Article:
Approx 600 words.
Are you a wish-cycler? In this helpful guide, packaging technologist Robert Thompson introduces the concept of wish-cycling – how to avoid it as well as useful tips on how to recycle properly, whether at the workplace or at home
We’re all guilty of not washing out that ready-meal container or choosing not to remove the plastic film on a fruit punnet. But these actions have a name: wish-cycling. The act of attempting to recycle items that we hope can be recycled – but can’t.
It may sound harmless, but trying to recycle items that we shouldn’t can lead to multiple problems within the recycling process. Whether it’s a dirty food container or something made from mixed materials, one non-recyclable item has the power to contaminate a whole load of recyclable waste, causing it all to end up in landfill. Yes – the whole lot!
Wish-cycling can also slow down the recycling process. When items aren’t sorted correctly, recycling centres can end up facing increased sorting costs and delayed timelines. If recycling centres are sent too many materials that can’t be recycled, they may reject the load altogether (including items that can be recycled). It’s a huge waste – and something needs to be done about it. Luckily, there are some really easy things you can do at home to help.
How to avoid wish-cycling
It may sound obvious, but learning how to recycle properly will prevent a lot of the damage caused by wish-cycling. Just a few simple changes can make a huge difference. I’ve rounded up a few of the most common recycling blunders below, including tips on how to avoid them.
1. Wash out food containers
Dirty food containers can’t be recycled, so make sure you rinse them thoroughly before recycling. Peanut butter jars, pizza boxes and ready-meal trays are all common culprits.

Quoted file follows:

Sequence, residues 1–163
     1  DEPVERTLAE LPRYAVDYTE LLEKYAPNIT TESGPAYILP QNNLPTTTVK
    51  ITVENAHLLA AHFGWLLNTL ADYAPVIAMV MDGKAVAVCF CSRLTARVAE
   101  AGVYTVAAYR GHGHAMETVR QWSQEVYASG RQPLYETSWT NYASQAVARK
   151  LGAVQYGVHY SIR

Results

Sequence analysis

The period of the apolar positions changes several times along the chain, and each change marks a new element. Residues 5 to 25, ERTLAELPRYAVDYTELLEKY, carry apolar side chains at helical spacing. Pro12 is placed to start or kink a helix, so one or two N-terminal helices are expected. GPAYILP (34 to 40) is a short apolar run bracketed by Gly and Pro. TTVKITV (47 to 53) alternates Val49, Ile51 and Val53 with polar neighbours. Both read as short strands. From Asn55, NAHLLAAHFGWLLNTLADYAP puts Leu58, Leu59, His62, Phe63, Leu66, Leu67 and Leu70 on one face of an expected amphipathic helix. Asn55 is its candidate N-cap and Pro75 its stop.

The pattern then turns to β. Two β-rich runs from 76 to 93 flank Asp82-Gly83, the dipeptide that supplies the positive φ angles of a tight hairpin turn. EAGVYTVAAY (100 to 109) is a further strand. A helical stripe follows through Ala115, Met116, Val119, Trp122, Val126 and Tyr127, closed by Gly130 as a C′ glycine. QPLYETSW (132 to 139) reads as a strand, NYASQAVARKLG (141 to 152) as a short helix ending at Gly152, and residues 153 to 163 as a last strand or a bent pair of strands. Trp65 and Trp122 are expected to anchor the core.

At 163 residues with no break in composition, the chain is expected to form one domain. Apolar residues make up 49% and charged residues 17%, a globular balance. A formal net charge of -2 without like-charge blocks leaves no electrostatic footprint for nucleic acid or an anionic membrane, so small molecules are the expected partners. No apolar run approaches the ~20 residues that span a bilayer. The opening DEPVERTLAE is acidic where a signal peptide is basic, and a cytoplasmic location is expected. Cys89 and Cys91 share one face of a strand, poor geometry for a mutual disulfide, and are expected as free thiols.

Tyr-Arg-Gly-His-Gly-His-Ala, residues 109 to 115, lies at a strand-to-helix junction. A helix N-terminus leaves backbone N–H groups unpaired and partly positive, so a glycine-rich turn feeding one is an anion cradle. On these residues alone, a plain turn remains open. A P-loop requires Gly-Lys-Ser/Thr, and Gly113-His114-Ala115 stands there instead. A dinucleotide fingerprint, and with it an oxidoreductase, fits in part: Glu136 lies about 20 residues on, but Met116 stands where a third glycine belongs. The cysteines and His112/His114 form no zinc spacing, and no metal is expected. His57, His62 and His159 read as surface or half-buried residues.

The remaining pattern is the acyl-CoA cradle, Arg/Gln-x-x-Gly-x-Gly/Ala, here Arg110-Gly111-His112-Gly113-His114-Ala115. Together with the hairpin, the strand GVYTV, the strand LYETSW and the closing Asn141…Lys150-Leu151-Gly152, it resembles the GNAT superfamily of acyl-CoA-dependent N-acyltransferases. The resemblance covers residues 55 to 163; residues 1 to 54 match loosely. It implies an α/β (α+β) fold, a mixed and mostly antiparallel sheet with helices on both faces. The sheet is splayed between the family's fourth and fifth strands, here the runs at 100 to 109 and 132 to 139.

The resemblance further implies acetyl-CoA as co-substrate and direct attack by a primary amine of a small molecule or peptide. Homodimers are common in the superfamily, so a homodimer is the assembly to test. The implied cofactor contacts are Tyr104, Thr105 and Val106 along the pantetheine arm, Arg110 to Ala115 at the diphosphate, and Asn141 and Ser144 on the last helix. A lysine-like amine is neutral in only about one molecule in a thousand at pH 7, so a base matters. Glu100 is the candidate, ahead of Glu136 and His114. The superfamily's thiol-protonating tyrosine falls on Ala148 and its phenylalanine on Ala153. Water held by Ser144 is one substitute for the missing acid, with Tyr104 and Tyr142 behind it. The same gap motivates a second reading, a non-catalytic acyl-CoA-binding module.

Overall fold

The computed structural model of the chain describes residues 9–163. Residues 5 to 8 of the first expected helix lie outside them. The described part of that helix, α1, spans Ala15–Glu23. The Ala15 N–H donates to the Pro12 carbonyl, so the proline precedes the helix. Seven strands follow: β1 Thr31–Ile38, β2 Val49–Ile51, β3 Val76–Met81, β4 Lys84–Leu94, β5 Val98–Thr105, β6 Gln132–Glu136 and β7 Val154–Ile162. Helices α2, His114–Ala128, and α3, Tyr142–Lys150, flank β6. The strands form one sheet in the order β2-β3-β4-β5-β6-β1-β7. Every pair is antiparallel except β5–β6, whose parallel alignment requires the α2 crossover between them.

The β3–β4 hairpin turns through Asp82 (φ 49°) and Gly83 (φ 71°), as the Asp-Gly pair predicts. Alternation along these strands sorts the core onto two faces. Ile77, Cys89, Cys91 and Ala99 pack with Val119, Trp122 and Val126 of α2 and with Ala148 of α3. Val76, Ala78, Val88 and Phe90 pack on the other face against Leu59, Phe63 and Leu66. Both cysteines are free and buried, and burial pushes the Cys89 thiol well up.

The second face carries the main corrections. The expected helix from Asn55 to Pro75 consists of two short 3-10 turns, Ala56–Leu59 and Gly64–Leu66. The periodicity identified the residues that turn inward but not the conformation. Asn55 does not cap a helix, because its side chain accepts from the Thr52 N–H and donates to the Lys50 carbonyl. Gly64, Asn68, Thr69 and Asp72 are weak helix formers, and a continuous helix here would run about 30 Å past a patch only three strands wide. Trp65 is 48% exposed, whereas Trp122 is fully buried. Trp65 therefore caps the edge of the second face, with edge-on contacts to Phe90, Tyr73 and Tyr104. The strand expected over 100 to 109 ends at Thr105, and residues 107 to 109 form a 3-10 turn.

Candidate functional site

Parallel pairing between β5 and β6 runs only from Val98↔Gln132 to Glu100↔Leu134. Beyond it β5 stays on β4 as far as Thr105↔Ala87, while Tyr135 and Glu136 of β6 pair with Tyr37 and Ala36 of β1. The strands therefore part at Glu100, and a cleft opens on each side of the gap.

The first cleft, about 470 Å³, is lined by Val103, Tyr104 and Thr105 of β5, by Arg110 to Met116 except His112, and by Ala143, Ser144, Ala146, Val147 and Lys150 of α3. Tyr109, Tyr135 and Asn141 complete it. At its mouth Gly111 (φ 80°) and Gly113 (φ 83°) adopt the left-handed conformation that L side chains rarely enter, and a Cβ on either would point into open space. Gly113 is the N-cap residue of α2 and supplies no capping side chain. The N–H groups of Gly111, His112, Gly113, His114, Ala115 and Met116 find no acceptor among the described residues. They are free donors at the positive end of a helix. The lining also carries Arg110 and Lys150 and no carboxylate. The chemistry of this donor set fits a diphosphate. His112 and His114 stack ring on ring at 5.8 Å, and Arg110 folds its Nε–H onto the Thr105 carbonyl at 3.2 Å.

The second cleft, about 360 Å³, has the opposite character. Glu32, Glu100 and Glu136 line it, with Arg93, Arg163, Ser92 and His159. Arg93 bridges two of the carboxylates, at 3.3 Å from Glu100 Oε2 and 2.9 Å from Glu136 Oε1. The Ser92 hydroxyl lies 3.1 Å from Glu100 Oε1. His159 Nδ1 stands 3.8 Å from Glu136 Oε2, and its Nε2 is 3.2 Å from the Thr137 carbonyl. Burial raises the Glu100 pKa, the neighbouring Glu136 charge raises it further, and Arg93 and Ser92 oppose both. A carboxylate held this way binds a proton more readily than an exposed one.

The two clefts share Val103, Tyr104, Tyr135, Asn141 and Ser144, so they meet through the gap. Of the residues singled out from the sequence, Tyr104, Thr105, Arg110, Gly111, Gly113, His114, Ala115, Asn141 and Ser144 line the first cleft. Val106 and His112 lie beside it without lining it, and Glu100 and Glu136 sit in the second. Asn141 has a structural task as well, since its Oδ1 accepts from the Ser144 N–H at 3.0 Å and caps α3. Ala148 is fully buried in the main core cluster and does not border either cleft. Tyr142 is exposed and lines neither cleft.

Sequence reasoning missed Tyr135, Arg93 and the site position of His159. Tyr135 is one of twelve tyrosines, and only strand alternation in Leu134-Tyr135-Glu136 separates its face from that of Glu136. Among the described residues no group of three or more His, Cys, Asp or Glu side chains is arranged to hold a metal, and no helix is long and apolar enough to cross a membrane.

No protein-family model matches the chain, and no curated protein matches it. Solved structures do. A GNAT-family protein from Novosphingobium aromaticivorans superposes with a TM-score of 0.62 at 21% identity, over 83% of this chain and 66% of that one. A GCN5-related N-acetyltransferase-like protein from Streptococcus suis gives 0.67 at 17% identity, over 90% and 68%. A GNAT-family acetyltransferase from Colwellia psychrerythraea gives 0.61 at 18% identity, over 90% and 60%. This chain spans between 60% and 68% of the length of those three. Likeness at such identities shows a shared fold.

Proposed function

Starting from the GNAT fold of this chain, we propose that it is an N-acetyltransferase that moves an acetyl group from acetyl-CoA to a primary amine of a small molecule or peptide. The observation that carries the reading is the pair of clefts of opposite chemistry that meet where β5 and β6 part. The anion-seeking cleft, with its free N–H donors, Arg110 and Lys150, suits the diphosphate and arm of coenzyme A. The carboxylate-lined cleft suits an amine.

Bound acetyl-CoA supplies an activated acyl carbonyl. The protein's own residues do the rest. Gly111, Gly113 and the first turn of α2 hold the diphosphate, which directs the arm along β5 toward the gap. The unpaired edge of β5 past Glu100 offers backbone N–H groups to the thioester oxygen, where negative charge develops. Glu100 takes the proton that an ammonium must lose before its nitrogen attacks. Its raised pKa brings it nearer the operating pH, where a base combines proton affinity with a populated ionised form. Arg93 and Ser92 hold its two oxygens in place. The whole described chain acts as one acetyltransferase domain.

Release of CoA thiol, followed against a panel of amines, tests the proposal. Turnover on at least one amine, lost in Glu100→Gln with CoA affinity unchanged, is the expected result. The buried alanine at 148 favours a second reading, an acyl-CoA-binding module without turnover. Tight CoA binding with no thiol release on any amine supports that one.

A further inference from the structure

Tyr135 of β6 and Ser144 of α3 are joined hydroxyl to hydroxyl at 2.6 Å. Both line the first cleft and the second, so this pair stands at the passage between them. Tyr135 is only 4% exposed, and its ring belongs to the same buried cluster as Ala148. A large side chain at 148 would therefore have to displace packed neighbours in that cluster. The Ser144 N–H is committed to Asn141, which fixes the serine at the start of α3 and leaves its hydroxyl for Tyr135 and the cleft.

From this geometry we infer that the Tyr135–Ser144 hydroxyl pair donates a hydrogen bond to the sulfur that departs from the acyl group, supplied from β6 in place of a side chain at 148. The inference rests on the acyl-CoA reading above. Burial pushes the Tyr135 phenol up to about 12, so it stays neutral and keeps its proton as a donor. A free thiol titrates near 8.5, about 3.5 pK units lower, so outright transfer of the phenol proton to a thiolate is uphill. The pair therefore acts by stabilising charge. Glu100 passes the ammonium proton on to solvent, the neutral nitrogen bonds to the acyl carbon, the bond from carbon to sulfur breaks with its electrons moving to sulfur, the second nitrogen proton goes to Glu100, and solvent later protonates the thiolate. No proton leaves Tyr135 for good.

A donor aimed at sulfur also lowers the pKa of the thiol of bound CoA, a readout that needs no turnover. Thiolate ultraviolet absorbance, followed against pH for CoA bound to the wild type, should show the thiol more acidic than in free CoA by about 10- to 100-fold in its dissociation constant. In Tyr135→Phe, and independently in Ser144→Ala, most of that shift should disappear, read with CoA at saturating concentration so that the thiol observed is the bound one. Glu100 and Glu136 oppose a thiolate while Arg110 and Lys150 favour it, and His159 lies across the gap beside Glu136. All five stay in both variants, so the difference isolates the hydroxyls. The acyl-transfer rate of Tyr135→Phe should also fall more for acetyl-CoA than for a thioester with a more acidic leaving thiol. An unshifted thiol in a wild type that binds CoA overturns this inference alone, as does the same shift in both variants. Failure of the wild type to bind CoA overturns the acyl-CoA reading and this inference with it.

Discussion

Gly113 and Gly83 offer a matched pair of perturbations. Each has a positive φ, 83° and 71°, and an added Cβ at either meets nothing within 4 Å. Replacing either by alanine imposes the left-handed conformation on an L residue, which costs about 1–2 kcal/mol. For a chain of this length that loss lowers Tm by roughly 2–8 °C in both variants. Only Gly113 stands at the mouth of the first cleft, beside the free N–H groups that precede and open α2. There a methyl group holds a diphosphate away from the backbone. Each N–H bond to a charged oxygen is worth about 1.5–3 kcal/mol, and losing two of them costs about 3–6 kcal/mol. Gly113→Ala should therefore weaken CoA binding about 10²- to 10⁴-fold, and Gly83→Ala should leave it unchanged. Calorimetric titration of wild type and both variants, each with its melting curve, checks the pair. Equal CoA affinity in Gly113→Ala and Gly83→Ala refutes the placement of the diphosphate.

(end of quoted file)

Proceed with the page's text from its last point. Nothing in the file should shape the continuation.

2. Recycle soft plastics at your local Co-op store
Soft plastics, like crisp packets, bread bags or the film on fruit punnets, can’t be recycled in normal recycling bins. But, they can be recycled in our new soft plastic recycling bins in store! Simply take your soft plastic waste (it doesn’t matter where you bought the item) with you next time you shop at Co-op. Easy.
3. Check your local council’s rules
Make sure you understand your local authority’s recycling system and what they will and won’t recycle. If you have separate recycling streams, make sure you clean items, then place each material in the correct bin.
4. Separate products made from mixed materials
A lot of food is packaged using a combination of different materials, like cardboard and plastic. I often have to remind myself to remove the tape from cardboard boxes before I recycle them! Make sure you read the recycling instructions on packaging thoroughly, to understand what can and cannot be recycled.
5. Look out for tricky items
You know those items you’ve always recycled, but were never actually sure about? Things like toothpaste tubes, drinking glasses and polystyrene. None of these can actually be recycled through the majority of household waste collections. Next time you’re not sure whether an item can be recycled in your area, look it up! It could make the world of difference.
6. Double check labels
Not all materials are created equally. Some plastics can be recycled at kerbside, while others can’t, so look out for the recycling symbol on products before you put them in the recycling bin.